How To Deal With Tiredness & Drowsiness Whilst Driving

Last Updated: 10/05/2022

Many of us think we can cope with driving when tired, believing it is just a case of fighting off a little bit of fatigue.

However, driving while tired can be lethal and is the cause of many accidents every single year, some of which are fatal.

While you may not think you are tired, it can quickly creep up on you when you’re behind the wheel and before you know it you can find yourself drowsy and struggling to stay awake.

Before it reaches the stage of being drowsy, it’s important that you recognise the signs of tiredness first.

It can potentially save your life, and it will certainly improve your safety.

Just being fatigued can significantly reduce the speed of your reactions when you’re behind the wheel, so recognising these signs of tiredness is vital.

Heavy Eyelids:

If your eyes begin to feel heavy, dry or itchy, it may be a sign that you’re getting tired.

Losing Concentration:

If you find yourself daydreaming or losing concentration on the road ahead, you could be suffering with fatigue.

Blinking A Lot:

Increased blinking can indicate that you’re struggling to keep your eyes focussed on the road ahead.


Tiredness can make people irritable, so if you think you’re irritable, you may be on the downward spiral of tiredness.

Yawning Repeatedly:

There is no better indicator of tiredness than the age-old sign that is yawning.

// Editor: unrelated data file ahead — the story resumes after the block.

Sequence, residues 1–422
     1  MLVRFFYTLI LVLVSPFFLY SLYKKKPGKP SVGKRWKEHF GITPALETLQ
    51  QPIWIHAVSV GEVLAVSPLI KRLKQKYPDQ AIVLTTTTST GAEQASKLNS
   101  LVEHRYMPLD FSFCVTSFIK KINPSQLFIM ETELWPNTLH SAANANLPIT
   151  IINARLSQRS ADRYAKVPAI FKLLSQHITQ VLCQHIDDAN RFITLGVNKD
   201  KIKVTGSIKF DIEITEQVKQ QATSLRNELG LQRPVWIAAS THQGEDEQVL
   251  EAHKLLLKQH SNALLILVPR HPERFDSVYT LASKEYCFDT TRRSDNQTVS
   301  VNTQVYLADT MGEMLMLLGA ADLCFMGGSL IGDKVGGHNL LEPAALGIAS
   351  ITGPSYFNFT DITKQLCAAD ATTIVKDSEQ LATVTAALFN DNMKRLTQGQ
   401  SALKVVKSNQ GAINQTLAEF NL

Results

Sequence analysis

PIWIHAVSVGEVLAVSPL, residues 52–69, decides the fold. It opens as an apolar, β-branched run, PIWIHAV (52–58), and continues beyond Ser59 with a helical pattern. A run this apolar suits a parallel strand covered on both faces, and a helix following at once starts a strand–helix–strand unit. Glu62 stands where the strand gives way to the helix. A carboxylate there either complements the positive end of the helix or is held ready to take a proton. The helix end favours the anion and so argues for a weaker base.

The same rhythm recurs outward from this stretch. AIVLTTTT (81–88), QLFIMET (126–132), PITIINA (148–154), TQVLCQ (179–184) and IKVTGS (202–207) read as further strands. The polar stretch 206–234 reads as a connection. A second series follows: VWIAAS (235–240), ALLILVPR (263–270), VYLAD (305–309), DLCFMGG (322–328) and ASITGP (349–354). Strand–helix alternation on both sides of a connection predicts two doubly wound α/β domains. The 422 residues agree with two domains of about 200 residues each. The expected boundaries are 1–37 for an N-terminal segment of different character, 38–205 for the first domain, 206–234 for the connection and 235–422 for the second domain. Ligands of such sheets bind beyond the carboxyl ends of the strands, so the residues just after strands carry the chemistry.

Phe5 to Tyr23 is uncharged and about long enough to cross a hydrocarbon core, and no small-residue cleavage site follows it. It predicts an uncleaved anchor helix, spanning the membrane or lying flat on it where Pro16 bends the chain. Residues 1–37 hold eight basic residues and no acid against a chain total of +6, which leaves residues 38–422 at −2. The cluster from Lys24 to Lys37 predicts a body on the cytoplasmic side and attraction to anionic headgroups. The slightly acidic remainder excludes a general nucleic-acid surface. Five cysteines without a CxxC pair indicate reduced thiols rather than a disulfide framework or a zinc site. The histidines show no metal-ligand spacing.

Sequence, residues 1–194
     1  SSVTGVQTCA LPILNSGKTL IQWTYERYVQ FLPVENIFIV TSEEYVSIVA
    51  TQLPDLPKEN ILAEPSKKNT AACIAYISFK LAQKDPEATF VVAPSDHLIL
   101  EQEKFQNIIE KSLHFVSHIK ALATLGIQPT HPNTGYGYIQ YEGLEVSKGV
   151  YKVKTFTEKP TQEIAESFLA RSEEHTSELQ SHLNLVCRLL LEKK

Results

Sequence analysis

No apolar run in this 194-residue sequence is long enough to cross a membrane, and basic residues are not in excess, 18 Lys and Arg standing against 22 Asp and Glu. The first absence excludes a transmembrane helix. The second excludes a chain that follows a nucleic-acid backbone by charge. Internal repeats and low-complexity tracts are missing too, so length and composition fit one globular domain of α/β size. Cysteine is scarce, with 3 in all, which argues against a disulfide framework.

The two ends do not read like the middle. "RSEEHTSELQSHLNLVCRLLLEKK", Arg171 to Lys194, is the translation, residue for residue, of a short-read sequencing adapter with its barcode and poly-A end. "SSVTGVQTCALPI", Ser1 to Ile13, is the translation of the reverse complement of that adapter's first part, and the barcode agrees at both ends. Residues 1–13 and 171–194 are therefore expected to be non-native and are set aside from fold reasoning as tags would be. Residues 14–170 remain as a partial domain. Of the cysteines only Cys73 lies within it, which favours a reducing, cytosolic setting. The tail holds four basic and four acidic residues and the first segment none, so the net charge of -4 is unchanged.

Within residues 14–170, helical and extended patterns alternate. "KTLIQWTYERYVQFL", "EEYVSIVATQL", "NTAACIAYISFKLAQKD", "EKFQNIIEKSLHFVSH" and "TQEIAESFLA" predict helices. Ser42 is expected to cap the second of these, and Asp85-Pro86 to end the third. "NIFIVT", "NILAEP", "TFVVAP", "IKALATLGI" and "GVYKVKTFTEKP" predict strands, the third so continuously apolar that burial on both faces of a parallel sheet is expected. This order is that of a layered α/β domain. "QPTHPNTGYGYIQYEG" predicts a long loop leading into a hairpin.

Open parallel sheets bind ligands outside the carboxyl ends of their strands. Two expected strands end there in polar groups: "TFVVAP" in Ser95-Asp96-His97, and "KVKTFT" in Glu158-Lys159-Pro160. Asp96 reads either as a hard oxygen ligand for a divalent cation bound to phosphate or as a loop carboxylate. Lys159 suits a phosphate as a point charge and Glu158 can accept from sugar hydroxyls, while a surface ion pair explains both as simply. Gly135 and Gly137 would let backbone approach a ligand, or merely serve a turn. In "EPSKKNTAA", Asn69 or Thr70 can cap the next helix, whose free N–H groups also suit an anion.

If you spot any of these signs, then it’s time to do something about it.

You need to stop and rest at the earliest convenience.

Our step-by-step guide below will give you some more information about how you can conquer tiredness.

What You Will Learn

Driving when tired is incredibly dangerous, therefore it’s important that you guard against being tired and know some steps to take when fatigue does catch-up on your behind the wheel.

Our guide will give you some ideas for both of those things and we have presented it in our usual format, making it clear to follow and easy to understand.

Our guide will explore the topic through the following sections:

  • Step-By-Step guide
  • Video Demonstration
  • Hints & Tips
  • Useful Information
  • Final Thoughts
  • Further Resources

Step-By-Step Guide

Our step-by-step guide is going to approach the subject of fatigue while driving in two ways.

Firstly, because prevention is the best method, we’re going to give you some steps that will help avoid being tired when driving.

Secondly, we will look at a few steps you can take if you do find yourself in the situation where you are driving while tired.

Preventing Tiredness When Driving:

  • The best prevention of tiredness is to sleep properly. If you’re taking a lengthy journey, it’s important that you sleep well the night before, ideally at least 7-8 hours of good sleep.
  • Plan your journey with breaks throughout so that you have ample time to rest and refresh yourself during your drive.